Allan's Philosophy Podcast Headline Animator

Allan's Philosophy Podcast

Sunday, December 11, 2011

Philosophy is Phun Post # 59 – Commonalities

To put it bluntly, commonalities are essentially the similarities between two or more people. It is something that we all share in common and is usually a characteristic or feature that we have. In essence, every single person on this planet shares a commonality with one another and that is that we are all human. It is a unique bond that groups us together that distinguishes us from other creatures of this earth like animals and plants. It plays a huge role in creating classifications that separates objects and beings apart from one another. This can have many different uses that I will describe in this post.
One of the main things that commonalities and similarities are useful for is to build networks. If you think about it, since the beginning of time humans have been forming networks with one another based off commonalities. All cultures are formed on the basis of some type of common value or beliefs. It is very useful because is organizes and unites people together under certain values and principles. No matter what your beliefs are, out of the almost 7 billion people on the planet, there is bound to be at least one who shares a common view and perspective as you. Religion is a great example of this. It has united people since the beginning of recorded history. Once a group of people start becoming established based off a set of commonalities, they form civilizations that feed off these principles and put them to practice.
The one problem that is associated with similarities is the fact that not everyone else shares the same values and principles that you do. This has caused many conflicts over the years as almost every war has been started because of conflicts of interest between two different groups of people. Each set of belief systems have different moral guidelines and rules that they abide by as a basis for being a member of that particular group. Because not every group is dictated by the same rules, if any rules seem to hinder another set of rules from existing and being practiced there will be problems associated with it. Whether it is beliefs on how resources to use or what God to praise, history has been riddled with such campaigns to show that one specific group is better than another or at the very least, that one group’s ideals will be carried out over another’s. World War II was started on the basis that Hitler believed that anyone who shared blonde hair and blue eyes in common were genetically superior to everyone else so that justified his belief that everyone else deserved to be wiped out and his people were entitled to world domination.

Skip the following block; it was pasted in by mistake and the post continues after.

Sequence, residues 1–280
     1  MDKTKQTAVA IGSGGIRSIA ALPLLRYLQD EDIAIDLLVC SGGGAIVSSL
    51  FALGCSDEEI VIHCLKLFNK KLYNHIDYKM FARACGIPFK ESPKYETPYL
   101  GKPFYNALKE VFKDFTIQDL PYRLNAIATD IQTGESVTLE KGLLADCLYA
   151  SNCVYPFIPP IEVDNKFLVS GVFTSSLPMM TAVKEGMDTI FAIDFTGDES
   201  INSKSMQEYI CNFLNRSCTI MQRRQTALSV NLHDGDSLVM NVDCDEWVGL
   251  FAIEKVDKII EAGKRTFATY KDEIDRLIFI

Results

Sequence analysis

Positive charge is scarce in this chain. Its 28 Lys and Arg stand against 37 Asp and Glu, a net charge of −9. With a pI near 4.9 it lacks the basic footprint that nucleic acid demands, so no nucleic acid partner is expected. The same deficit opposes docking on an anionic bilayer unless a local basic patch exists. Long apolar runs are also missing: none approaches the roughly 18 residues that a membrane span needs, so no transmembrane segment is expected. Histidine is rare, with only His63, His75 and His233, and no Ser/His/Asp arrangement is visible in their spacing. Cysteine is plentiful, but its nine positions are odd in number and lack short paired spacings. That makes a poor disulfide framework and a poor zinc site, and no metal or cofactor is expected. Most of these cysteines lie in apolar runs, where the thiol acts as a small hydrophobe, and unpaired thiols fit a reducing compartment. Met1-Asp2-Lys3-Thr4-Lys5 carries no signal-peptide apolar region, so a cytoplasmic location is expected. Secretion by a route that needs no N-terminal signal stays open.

This brings me to my next point about discrimination because of differences. Since not everyone shares the same set of common beliefs, there used to be a huge resistance to diversity. Whether it was the Crusades, Jim Crow laws, or another other example you could cite from the history books, if you were different in any shape or form from the established authoritative group, you usually were in trouble. Segregation, genocides, and slavery all resulted from being different than those who were in charge and had the power. If you don’t possess a commonality with those who are in control, you were usually at the very least ostracized from their organized body and would lose any benefits associated with being a part of that group. If you weren’t the right race, religion, gender, or another other distinguishing factor, you would be severely limited on the opportunities available to you in life and most likely be stuck with a life of hardships and barriers.
Luckily, as society becomes more advanced and civilized, these distinctions that once separated are now viewed as vital. Society is placing a bigger importance on the commonality that I mentioned in the beginning, we are all humans and all deserve to be treated as such. Diversity is now advertised at all colleges and it is something that administrators strive to achieve and maintain. We have realized that despite our commonalities, it is through our differences that we gain strength. Everyone has a different perspective and story to share that provides vital insight to our knowledge of the universe. The spread of silk from Asia gave rise to better forms of clothing and the proliferation of the internet has only connected us even more. I personally would hate to live in a society where everyone was just like me. It is really eye opening and reveals new ways of looking at life that can provide me with valuable acumen that I can directly apply to my life. Each individual is unique in their own way and through that we all share a common bond. Crazy huh?